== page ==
When you buy a car in most states you have to pay the sales tax up front in a lump sum. With leasing, you can generally amortize or spread out the sales and rental or use tax over the term of the lease.
Leasing can sometimes require higher limits for insurance coverage than what some people carry, for both public liability and property damage (collision and comprehensive). However, no one in this litigious society should ever drive any vehicle with insurance limits lower than the limits required on a lease. These limits are $100,000 / $300,000 and $50,000 collision. Since taxes and insurance obligations do vary by state, know which requirements apply to your situation.
Because of the way leases are structured, the payments can be vastly lower than loan payments. Because of this, you can generally add more options or upgrade to a more expensive model than you could afford with a loan. Also consider how often you want to drive your car. Leases can have shorter terms than loans, so you can usually drive a new car every two or three years instead of the standard four or five year (or longer) length of a traditional car loan.
Initial Lease Costs
Before signing a lease, you are entitled by law to know the charges that will be assessed “up front” at the initiation of the lease agreement. These usually include the following:
Not unlike the kind required when renting an apartment, this is to make money available to the lessor should you owe money at the end of the lease or fail to make payments as agreed during its term. It can also be used to cover past-due charges or payments, excess wear and tear or damage to the vehicle, excess mileage charges, or an end-of-lease payment. If you fulfill all the terms of your lease, the lessor must return it in its entirety. A no-deposit lease is available through The Lease Store (TLS).
Sometimes the first payment is required at the beginning of the lease term in addition to a security deposit. If you have a good credit rating, the lessor may not require the deposit. Unlike a loan, lease payments are always made in advance, not in arrears.
Basically, you may have the opportunity to lower your monthly lease payment by making a one-time payment to reduce the car’s “initial capitalized cost.” The capitalized cost is the total cost of the vehicle, including any fees, insurance, maintenance contracts, or options you request. As in the case of the loan amount, the more you put down initially, the lower the monthly payments. However, by putting down a large amount in an attempt to reduce your monthly outlay, you also negate one of the primary reasons for leasing – little or no initial cash outlay. An alternative might be to trade in your current vehicle and use the equity (if any) to defray the capitalized cost reduction amount.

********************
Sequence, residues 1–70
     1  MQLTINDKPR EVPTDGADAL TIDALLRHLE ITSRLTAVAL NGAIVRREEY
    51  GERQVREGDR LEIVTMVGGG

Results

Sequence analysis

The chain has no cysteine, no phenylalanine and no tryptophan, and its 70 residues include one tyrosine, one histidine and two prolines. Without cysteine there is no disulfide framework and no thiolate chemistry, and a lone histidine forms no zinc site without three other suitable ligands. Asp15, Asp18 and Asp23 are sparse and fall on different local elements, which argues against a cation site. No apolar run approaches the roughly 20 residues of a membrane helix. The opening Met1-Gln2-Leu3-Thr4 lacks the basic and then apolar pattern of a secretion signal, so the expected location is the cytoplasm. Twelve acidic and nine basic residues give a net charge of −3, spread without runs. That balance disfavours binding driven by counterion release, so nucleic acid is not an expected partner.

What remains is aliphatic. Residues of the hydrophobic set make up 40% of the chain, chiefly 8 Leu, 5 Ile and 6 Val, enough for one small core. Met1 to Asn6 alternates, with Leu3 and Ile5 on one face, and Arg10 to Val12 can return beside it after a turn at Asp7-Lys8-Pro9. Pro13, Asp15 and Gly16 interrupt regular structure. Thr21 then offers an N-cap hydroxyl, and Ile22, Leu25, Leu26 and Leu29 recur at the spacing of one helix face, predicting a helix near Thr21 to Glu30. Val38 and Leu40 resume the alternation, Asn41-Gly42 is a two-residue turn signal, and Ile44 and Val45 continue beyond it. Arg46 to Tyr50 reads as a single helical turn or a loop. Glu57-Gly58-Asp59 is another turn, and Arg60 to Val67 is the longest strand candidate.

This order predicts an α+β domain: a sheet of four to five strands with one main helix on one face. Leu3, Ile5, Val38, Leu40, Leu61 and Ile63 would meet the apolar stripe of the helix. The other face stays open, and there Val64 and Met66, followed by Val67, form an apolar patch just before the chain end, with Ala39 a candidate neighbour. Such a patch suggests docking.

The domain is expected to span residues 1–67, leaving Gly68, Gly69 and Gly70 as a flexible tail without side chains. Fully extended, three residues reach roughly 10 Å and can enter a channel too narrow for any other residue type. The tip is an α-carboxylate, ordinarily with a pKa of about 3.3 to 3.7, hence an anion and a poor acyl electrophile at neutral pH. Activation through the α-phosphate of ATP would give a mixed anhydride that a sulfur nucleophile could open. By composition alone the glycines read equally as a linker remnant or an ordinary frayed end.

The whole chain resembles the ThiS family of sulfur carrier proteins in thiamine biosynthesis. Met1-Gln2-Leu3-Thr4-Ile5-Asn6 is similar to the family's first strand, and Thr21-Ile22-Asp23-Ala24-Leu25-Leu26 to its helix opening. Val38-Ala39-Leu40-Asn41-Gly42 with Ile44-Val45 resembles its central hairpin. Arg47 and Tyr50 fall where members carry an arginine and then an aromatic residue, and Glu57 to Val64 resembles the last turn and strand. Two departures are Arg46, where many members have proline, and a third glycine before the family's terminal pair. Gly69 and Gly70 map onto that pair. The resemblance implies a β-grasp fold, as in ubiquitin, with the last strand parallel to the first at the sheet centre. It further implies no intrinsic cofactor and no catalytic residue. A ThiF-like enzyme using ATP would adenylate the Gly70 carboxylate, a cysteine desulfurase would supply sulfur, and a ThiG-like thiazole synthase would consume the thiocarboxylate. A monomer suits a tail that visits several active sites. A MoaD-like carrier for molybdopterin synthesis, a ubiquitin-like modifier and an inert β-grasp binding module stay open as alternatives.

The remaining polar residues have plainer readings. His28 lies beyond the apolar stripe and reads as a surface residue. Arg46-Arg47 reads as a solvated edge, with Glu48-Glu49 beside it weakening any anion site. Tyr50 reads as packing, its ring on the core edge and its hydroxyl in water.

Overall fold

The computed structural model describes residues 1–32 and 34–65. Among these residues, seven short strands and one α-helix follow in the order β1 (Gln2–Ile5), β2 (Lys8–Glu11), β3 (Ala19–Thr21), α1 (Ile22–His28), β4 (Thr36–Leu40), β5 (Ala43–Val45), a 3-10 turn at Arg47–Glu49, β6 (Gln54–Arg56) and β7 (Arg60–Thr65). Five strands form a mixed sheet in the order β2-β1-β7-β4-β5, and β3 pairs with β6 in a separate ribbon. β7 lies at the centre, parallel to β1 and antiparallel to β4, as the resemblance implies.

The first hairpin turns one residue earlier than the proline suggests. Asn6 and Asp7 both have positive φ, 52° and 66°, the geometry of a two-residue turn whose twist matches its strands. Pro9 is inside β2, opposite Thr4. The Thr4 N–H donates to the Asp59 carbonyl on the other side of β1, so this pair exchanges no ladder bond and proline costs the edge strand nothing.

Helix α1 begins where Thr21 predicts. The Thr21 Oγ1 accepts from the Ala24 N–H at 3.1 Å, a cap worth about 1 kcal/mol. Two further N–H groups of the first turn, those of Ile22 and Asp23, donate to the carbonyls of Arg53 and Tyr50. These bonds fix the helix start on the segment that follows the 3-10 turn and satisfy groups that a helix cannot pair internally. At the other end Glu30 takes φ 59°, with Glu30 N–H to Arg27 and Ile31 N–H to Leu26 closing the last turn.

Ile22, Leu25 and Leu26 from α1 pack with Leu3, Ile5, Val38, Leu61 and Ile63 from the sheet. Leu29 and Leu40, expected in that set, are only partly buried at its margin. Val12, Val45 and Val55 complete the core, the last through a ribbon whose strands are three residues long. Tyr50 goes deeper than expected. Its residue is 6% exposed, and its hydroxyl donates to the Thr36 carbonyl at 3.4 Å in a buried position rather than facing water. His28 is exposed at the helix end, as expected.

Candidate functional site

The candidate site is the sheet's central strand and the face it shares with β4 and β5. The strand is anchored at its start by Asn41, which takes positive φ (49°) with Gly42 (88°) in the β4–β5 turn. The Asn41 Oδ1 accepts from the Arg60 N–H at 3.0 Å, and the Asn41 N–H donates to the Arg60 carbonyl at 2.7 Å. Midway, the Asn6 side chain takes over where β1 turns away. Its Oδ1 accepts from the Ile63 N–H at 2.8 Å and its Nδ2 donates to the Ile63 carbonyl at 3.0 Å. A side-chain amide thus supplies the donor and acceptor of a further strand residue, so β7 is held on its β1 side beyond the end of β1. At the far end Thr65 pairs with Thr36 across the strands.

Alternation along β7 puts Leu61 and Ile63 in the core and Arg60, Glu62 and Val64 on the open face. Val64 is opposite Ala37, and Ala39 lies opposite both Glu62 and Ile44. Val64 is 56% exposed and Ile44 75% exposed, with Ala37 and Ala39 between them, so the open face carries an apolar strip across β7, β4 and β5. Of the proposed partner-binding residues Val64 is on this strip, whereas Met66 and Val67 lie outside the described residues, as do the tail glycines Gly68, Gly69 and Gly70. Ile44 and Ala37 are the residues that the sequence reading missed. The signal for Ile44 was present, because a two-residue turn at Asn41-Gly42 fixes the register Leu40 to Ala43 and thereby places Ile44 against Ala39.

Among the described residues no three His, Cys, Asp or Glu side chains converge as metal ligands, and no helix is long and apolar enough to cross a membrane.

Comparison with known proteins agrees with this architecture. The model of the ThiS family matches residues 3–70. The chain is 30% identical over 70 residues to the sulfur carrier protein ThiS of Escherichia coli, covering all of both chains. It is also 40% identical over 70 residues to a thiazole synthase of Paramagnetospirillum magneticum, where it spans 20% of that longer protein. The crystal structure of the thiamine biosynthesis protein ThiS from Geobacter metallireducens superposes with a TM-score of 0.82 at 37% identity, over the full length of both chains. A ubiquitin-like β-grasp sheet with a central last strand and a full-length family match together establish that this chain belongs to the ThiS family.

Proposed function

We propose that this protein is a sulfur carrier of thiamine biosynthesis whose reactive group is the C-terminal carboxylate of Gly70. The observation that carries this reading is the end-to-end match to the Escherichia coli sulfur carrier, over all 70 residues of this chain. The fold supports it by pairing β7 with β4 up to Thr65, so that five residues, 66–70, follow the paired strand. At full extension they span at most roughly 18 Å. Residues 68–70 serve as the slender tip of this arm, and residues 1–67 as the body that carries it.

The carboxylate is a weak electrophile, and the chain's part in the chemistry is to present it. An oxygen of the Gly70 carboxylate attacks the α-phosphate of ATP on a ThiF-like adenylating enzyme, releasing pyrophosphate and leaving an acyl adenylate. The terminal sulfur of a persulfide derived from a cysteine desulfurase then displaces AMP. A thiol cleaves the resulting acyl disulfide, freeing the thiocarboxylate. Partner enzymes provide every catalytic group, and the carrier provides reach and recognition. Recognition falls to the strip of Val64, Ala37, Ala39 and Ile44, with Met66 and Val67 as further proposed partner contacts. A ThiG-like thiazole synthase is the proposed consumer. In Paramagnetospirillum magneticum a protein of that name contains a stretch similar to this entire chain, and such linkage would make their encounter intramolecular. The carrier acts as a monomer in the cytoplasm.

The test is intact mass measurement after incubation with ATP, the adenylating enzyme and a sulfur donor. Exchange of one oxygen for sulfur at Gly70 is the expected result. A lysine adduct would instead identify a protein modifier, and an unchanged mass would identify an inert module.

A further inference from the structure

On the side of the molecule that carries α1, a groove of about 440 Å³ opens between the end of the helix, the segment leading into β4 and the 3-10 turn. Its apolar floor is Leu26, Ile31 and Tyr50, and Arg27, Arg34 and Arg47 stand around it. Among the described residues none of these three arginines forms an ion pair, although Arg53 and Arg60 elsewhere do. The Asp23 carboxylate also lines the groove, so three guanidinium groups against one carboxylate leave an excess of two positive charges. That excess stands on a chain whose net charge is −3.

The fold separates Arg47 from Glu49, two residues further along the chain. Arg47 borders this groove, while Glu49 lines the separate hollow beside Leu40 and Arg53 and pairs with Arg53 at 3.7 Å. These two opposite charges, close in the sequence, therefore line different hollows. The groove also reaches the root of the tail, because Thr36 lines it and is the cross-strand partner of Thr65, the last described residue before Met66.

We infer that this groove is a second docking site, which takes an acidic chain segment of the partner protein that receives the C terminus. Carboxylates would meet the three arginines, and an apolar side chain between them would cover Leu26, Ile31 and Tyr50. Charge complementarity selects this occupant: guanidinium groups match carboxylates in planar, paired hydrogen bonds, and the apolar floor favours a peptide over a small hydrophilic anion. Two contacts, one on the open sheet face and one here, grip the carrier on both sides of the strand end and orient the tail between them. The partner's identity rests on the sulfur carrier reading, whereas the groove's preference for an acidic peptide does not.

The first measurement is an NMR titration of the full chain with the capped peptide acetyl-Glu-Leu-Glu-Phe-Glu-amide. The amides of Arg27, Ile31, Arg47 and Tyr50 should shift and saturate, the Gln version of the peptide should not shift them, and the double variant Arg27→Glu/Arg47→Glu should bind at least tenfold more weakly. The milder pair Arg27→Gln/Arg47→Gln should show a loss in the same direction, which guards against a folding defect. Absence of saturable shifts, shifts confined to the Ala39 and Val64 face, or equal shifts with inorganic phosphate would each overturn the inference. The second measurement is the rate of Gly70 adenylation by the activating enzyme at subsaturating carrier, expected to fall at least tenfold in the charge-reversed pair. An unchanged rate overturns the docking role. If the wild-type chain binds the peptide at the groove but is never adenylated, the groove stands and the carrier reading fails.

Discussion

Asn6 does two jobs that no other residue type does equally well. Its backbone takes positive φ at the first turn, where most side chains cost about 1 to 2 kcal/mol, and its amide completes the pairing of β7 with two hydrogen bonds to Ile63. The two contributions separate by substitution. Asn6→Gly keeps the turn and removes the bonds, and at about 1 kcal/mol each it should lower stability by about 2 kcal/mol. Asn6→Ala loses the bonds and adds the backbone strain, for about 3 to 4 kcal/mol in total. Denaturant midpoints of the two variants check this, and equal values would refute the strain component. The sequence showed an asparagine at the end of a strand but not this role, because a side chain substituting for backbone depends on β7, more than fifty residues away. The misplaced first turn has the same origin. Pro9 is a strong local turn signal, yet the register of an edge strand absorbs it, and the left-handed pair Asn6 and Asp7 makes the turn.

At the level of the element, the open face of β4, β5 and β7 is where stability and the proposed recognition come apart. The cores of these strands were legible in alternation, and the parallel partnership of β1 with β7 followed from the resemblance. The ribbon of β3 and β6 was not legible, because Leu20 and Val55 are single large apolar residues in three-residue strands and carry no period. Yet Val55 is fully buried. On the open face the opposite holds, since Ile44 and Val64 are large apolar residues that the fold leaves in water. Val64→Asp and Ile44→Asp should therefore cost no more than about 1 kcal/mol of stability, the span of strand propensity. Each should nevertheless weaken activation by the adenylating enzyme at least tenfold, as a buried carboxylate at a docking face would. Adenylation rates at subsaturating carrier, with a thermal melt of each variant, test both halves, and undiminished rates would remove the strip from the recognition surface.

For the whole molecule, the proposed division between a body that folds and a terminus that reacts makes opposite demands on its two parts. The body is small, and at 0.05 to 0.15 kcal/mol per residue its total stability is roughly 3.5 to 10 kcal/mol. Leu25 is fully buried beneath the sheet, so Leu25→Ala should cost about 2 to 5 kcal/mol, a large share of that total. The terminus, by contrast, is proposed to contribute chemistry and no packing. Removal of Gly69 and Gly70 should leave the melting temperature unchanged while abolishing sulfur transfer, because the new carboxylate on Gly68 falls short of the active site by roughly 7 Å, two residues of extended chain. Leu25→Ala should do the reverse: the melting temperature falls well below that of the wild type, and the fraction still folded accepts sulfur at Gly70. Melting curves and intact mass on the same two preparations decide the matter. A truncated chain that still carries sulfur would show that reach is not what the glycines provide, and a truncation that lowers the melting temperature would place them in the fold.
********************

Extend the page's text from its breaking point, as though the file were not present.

Your Obligations & Responsibilities
Auto leasing provides great flexibility; however, like a loan or a cash purchase, there are costs and expenses associated with operating, maintaining and repairing vehicles.
The lessor is obligated by law to provide you the following information in the lease agreement, about your periodic payments: the total number of payments, the total amount of the monthly payments, the amount of each payment, the due dates of each payment, any late-payment charge and how it is calculated.
You will be responsible for repairs and maintenance when you lease, just like a loan. Since terms like “normal wear and tear” and “reasonable maintenance” can easily be misunderstood, make sure your repair and maintenance responsibilities are spelled out specifically in the contract and that you understand them before signing.
All warranties must be disclosed to you. While the terms of these warranties vary greatly, you are required to follow the maintenance schedules specified in order to keep the warranty coverage in force. Because warranties differ so much in their terms, the lessor may offer an extended service plan. These are normally described as “extensions” of existing warranties. If you are considering a short term lease on a new vehicle, most major repairs will likely be covered under the manufacturer’s warranty. Whether you choose a short term or a long term lease, you may want to consider the service benefits offered in these types of plans like emergency road side assistance and rental car allowances.